NEVER WITHOUT CHOLESTEROL
Cholesterol in membranes
Cholesterol is a molecule, belonging to the family of fats called sterols, with essential functions for life. It is in fact present in many tissues of the human body, and its properties are mainly carried out as a basic constituent of cell membranes.
Today, cholesterol is measured by the standard assessment performed by blood tests, that examine plasma cholesterol, or circulating cholesterol that binds to lipoproteins (HDL and LDL). A measurement that does not take into account the actual function of cholesterol, which is inserted into the phospholipid bilayer (cell membrane).
Full assessment of cholesterol also “inside” the membrane is needed, but is not yet available. Only when we have combined analyses will we reach an optimal understanding and a complete clinical picture especially when higher cholesterol levels are present.
The place of cholesterol, along with phospholipids
Cholesterol, placed in the phospholipid bilayer (cell membrane), is essential to create a distance between phospholipids that can give stabilization in both the fluid and gel phases. These two phases distinguish the cell membrane because it places channels and receptors that work either in the gel phase or the fluid phase. So the role of cholesterol is to “correct” in a very precisely way the consistency of the membrane, regulating fluidity and permeability, and working together with the quality of fatty acids so that the functions of transport, nutrient sorting, and signaling take place perfectly.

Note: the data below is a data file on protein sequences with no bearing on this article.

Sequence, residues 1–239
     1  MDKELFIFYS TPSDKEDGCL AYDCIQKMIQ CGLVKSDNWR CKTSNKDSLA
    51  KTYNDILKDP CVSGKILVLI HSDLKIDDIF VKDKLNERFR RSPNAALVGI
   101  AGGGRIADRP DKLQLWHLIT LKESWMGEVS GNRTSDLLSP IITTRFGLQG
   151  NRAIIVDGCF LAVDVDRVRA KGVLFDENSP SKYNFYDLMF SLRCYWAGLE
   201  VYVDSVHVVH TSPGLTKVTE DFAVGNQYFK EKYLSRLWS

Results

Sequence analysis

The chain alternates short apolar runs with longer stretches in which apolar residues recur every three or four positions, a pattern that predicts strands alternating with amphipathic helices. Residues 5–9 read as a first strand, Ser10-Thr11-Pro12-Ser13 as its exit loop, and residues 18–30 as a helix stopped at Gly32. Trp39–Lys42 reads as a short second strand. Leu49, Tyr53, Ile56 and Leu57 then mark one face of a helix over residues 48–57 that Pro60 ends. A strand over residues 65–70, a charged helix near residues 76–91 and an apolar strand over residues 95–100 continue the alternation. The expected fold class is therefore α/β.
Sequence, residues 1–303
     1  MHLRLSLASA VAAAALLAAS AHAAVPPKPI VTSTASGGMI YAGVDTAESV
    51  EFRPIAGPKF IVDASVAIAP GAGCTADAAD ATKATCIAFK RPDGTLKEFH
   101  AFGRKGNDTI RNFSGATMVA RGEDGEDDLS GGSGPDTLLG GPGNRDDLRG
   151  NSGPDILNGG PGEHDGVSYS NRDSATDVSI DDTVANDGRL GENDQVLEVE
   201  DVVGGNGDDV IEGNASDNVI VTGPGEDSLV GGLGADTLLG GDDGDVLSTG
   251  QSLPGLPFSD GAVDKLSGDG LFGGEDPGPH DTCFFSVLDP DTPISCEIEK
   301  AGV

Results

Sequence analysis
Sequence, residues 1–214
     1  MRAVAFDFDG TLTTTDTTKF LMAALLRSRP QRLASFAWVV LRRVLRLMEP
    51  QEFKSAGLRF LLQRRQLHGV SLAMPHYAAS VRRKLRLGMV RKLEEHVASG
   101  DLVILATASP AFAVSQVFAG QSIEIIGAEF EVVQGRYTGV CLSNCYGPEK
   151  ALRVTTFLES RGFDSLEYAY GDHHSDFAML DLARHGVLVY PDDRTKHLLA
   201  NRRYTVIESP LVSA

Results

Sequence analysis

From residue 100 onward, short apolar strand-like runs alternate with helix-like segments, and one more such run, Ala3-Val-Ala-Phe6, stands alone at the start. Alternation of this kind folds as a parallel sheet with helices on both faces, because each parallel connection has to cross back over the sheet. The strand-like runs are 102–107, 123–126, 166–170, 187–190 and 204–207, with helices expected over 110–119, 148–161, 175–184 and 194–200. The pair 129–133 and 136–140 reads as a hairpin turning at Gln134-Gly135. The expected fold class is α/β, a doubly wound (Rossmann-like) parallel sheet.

Cholesterol, being a lipophilic molecule, has the ability to interface with fatty acid chains and thus helps to regulate the organization, dynamics and oligomerization of key receptors, such as GPCR (G-protein coupled receptor). Numerous studies also show that the presence of cholesterol in the membrane, makes it more resistant to attack by external agents, such as light or chemical degradation .
Significantly, an increase in cholesterol is associated with the proliferation of cancer cells, paradoxically demonstrating the importance of this component when millions of cells are to be formed .
Cholesterol content in the membrane
By studying the composition of the membranes of various human tissues, it has been seen that the concentration of cholesterol varies consistently:
– Less than 10% cholesterol is found in the inner organelles of the cell, such as: endoplasmic reticulum, Golgi apparatus, and mitochondrial membranes;
– 10% to 30% cholesterol is the average contained in various tissues;
– Whereas more than 50% cholesterol is present in the membrane of: mature red blood cell, Schwann cells (myelin sheath), cells of the visual system.
Tissues give a signal, called “feedback,” about their membrane fluidity/rigidity, which is reflected in the production or not of cholesterol [3,4].